Domestic Travel by Train

While planes and highway buses only service major cities in Japan, trains keep the country connected, even in the most inaka locations. Traveling by train can oftentimes be the most convenient and flexible, particularly if you have decided last minute to go somewhere during a busy holiday weekend.

That being said, you should still try to plan ahead even if you use the train. Though, you will be guaranteed a spot on the train no matter how busy it is (as long as you go for an unreserved ticket), you may not be the most comfortable. It is not uncommon to be left standing and shoved into the corner for 4 hours or more during the peak season.

There is no shinkansen in Shikoku proper, but you can connect to it via Okayama. The Limited Express goes all the way from Uwajima through Matsuyama and Imabari, and on to Okayama

Tickets (including Shinkansen tickets) can be purchased at any JR station.


Train Schedules

The best place to go for train schedules is Hyperdia.com. The advanced search options let you choose your prefered method of transportation, transfer points, and arrival times. The site is both in English and Japanese.


Estimated Travel Times and Prices

Just to give you an idea of how much it might cost to travel across Japan via trains, we've put together some estimated intineraries from Matsuyama to some of Japan's major cities. Keep in mind that these may not be wholly accurate so it's best to check them yourself on Hyperdia. These also assume you are taking express and shinkansen Nozomi trains without any special discounts.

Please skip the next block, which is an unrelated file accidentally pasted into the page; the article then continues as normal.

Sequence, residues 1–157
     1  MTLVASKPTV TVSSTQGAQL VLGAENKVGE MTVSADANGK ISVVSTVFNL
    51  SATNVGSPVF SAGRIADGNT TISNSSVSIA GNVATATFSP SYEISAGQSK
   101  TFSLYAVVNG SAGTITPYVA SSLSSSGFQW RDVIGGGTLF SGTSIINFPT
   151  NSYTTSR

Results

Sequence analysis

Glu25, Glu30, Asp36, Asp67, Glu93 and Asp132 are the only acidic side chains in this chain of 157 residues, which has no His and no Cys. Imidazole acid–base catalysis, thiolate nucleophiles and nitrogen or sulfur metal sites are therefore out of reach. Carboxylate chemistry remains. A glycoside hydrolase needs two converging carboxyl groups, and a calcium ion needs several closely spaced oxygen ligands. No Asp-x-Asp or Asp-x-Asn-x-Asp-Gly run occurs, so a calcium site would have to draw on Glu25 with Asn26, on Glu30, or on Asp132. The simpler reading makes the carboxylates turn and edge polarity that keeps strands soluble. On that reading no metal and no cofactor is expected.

• To Kochi City // 9,230 yen unreserved || 262 mins || 1 transfer
  • To Takamatsu // 5,670 yen unreserved || 149 mins || nonstop
  • To Okayama // 6,310 yen unreserved || 165 mins || nonstop
  • To Osaka // 10,410 yen unreserved || 229 mins || 1 transfer
  • To Tokyo // 19,260 yen unreserved || 387 mins || 1 transfer

Seishun 18 Ticket (青春18きっぷ)

One of Japan's best kept secrets is the Seishun 18 Ticket. While it literally translates into "Youth 18" these tickets can be purchased by anyone regardless of age or occupation. The Seishun 18 ticket isn't the most efficient, but if you have time to spare it is the cheapest way to travel.

The Seishun 18 ticket costs only 11,850 yen and allows you unlimited travel on local (普通), rapid (快速), or super-rapid (新快速) trains for up to 5 days (it is not valid on express or shinkansen trains). The ticket is actually five one-day passes condensed onto a single piece of ticket stock. When using the ticket for the first time, the passenger presents it at the manned ticket gate, and the employee on hand stamps the ticket, making it valid on every non-express JR train until midnight. After midnight, the ticket becomes invalid unless it is stamped again. The ticket has spaces for five stamps, after which it is invalid.

The ticket can be used for 5 days by one person or split between several people. For example, if two people use the ticket for a day, it will take up two stamps. The days do not have to be consecutive, but must fall within a special time frame.

The Seishun 18 ticket is only available 3 times a year during Japan's school holidays.


Effective Period

Tickets Go on Sale

Spring break (March 1 - Apr. 10)

Feb. 20 - Mar. 31

Summer break (July 20 - Sept. 10)

July 1 - Aug. 31

Winter break (Dec. 10 - Jan. 20)

Dec. 1 - Jan. 10


Two additional sleeper trains run during the Sesihun 18 season. These are the:

  • Moonlight Nagara: Runs between Tokyo, Shinagawa, and Ogaki
  • Moonlight Echigo: Runs between Tokyo and Niigata

For more information on planning your trip via Seishun 18, see Japan Guide.